MercoPress | Friday, March 11th 2011
How Argentina torpedoed Uruguay’s FTA with the US, according to Wikileaks
Although in public former Argentine president Nestor Kirchner was supportive of Uruguay’s negotiations for a free trade agreement (FTA) with the United States, members of his cabinet warned the US embassy in Buenos Aires that Argentina would block such an initiative in Mercosur, according to the contents of several Wikileaks cables published in Montevideo and Buenos Aires.
Uruguayan former president Tabare Vazquez and former president Nestor Kirchner Uruguayan former president Tabare Vazquez and former president Nestor Kirchner Zoom Image
Kirchner talked publicly about the issue for the first time in Brasilia in 19 January 2006 saying that if Argentina and Brazil “can’t offer Uruguay what Uruguay needs, “it’s not bad should they sign an FTA with the US”.
He added that “we believe in Mercosur but Argentina and Brazil are struggling to climb out from a deep economic crisis and it could be we can’t offer Uruguay all the tools its people need, so we therefore can’t impede them from reaching a deal with the US”.
Kirchner also mentioned that his peer Brazil’s Lula da Silva has stated he “was more flexible” on the issue and that he supported that stance.
Under the four full member Mercosur chart all decisions are unanimous.
However from Buenos Aires US ambassador Lino Gutierrez said it “was not clear” why Kirchner adopted that attitude, but did venture some explanations in a January 2006 Wikileaks diplomatic cable.
Gutierrez speculated that Kirchner could ease tensions with Uruguay regarding the pulp mills dispute by being supportive of an FTA, but not ordering pickets to be lifted. As a deep rooted ‘nationalist’ (who went as far as slapping extra tariffs on Brazilian shoes) Kirchner could understand that his Uruguayan peer Tabare Vazquez was intent in the best for his people.
Furthermore since Argentina’s trade with Uruguay is relatively small, “he doesn’t have much to loose with a Uruguay/US FTA”.
In January 2006, the US embassy in Montevideo believed an FTA with Uruguay was feasible in spite of the opposition from ‘radical groups’ in the country’s ruling coalition and “troublesome neighbours”.
In March President Vazquez specifically informed the head of the Embassy in Montevideo James Nealon that Uruguay is interested in an FTA with the US.
However the US embassy in Buenos Aires remained perplexed by President Kirchner’s public statements which differed entirely from what members of the Argentine Foreign Affairs ministry argued in their talks with US diplomats.
In July 2006, a US diplomat contacts Ernesto de la Guarda, from the Mercosur office in the Foreign Affairs ministry to talk about the issue. De la Guarda reports that Argentina has investment accords with 56 countries, but none with Mercosur member countries.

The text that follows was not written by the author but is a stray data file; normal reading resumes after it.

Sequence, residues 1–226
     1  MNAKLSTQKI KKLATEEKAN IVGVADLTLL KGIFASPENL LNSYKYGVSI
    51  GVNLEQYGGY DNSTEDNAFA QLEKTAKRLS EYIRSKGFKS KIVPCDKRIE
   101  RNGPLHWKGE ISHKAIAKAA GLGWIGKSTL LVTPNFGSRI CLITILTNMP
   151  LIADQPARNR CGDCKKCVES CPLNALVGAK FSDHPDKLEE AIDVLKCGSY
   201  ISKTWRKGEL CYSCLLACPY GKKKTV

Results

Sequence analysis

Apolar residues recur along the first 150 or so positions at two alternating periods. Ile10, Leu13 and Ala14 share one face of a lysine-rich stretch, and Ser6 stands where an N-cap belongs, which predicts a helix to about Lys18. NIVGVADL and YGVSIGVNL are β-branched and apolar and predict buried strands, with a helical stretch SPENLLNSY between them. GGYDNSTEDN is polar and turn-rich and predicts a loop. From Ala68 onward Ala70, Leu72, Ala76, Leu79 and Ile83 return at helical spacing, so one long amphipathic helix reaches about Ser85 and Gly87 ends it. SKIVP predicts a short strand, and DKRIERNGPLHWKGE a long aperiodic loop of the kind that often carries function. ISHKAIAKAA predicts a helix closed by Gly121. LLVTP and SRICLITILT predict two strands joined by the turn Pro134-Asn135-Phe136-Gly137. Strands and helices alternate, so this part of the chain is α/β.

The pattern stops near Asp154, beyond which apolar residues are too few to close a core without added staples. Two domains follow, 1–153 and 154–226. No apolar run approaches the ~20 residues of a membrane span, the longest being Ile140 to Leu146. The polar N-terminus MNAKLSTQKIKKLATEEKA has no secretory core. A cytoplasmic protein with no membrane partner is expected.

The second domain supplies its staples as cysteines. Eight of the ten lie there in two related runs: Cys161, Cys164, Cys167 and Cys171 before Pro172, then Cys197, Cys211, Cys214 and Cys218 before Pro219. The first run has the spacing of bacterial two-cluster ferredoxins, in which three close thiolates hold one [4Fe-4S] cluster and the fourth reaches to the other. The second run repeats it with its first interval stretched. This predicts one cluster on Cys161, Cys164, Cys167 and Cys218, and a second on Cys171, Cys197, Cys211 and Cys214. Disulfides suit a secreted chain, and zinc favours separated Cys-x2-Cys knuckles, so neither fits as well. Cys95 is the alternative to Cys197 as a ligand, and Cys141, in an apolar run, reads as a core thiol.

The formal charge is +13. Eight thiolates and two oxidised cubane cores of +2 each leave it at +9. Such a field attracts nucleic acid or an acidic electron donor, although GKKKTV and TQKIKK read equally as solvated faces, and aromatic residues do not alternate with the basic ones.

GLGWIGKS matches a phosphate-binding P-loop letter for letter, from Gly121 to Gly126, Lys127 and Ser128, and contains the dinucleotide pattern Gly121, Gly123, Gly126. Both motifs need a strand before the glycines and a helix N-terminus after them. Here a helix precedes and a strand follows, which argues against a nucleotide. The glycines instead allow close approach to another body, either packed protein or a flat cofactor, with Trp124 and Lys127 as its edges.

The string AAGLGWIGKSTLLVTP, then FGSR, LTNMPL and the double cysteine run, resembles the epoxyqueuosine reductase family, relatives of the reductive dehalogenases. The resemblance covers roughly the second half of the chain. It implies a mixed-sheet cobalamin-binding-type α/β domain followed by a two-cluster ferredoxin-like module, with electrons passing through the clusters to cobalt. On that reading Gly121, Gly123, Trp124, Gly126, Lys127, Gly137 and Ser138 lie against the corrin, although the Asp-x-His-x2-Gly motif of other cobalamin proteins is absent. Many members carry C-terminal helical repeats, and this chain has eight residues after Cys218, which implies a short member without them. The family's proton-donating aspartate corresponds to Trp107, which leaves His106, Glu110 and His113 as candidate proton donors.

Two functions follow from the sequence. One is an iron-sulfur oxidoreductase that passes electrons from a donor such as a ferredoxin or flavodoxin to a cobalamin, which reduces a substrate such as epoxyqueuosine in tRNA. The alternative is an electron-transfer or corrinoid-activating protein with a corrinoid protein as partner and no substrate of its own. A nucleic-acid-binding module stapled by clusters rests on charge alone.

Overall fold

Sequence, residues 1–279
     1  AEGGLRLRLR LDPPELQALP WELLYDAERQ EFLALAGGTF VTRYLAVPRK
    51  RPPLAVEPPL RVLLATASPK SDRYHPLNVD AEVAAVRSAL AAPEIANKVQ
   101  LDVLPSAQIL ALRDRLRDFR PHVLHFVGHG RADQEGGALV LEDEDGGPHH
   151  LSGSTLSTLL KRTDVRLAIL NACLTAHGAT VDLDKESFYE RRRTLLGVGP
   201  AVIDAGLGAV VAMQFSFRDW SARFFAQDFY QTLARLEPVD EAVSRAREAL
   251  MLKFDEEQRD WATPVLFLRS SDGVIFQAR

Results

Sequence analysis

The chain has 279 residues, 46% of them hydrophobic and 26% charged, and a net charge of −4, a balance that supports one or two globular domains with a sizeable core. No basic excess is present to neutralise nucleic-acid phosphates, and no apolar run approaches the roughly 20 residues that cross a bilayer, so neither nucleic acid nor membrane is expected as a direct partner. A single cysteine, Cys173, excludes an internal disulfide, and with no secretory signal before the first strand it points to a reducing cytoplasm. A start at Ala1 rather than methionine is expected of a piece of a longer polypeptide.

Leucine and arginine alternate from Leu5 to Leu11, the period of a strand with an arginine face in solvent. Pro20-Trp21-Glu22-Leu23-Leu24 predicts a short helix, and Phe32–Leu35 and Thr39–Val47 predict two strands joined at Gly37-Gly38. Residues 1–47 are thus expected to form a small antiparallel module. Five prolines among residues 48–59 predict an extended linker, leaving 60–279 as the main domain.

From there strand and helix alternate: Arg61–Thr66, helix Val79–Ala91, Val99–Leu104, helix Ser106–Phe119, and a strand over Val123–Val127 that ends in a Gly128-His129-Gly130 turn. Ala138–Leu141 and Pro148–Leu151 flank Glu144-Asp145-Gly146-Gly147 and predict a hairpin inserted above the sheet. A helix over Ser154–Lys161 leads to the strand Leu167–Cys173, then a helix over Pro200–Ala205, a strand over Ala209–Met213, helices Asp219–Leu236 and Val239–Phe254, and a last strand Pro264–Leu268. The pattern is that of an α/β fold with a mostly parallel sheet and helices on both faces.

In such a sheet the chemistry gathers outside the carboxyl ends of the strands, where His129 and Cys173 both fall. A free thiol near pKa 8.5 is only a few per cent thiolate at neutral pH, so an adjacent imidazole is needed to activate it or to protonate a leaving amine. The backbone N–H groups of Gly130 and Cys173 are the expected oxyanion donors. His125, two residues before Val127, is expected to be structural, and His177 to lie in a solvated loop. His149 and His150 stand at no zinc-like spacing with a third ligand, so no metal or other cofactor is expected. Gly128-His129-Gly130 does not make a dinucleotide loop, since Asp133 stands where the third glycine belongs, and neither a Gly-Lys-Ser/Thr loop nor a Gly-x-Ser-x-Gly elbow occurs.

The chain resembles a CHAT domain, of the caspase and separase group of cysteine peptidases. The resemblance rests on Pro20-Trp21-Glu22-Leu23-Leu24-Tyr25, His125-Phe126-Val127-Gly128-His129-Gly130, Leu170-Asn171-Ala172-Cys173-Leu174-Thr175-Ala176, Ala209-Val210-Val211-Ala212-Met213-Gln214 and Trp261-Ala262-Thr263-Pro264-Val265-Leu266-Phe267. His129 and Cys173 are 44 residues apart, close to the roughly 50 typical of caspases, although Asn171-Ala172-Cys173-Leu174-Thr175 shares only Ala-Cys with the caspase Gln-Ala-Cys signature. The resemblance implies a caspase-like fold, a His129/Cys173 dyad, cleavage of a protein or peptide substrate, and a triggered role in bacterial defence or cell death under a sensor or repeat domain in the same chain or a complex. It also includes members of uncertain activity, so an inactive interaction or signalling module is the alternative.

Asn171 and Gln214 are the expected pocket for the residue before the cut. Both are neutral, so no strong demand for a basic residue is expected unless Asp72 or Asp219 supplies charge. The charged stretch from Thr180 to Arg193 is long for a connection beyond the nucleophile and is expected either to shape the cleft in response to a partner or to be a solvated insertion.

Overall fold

“We even have a bilateral investment agreement with Bulgaria but not with Uruguay” and added that Uruguay had so far not formally presented the possibility of an FTA with the US, and for which the country would have to ask for an exception under Mercosur rules, “but Argentina was not expecting any discussion on that issue during the coming Mercosur summit”.
He added that although he didn’t read Kirchner’s mind as to what would happen if Uruguay pressed with the issue he said it was “a particularly bad moment” for such an initiative.
In effect the International Court of The Hague which was just taking the case of the pulp mills dispute, rejected on 13 July 2006, an initial request from Argentina to freeze all construction at the Botnia plant as a precautionary measure
Months later in September the US embassy in Buenos Aires sends a cable to the Department of State under the heading: “Argentine Foreign Trade Secretary: why Uruguay can’t sign an FTA”.
Ambassador Alfredo Chiaradia who held the Foreign Trade post at the time sends a clear signal that the Argentine government would not allow Uruguay to sign an FTA and remain inside Mercosur, as had been suggested by President Vazquez he would be asking to fellow members.
Chiaradia told the US diplomats that if the US wanted to offer Uruguay some kind of export quotas or special tariffs, it could do so, but Uruguay as member of Mercosur could not have a reciprocal attitude.
Uruguay would be crossing ‘a red line’ if it finally agreed to an FTA which includes services, government procurement and intellectual property rights more favourable that those between Mercosur members.
When Chiaradia was asked about Kirchner’s public statements, who promised not to block Uruguay’s plans, he replied that “presidents always make generic statements” and that Mercosur rules in those areas “were very clear and inflexible”.
When the suggestion of Uruguay abandoning Mercosur was put on the table, Chiaradia said that if that happened, “the US action would have costs”.
Nevertheless and in spite of President Vazquez failed attempt, then Economy minister, and currently Vice-President Danilo Astori did not give up the idea of a FTA with the US, according to a cable from Ambassador in Montevideo, Frank Baxter in December 2006.
“Astori emphasized the strong interest of Uruguay to continue negotiations with the target of reaching an FTA; ‘we shall begin again’” was Astori’s remarks to Ambassador Baxter.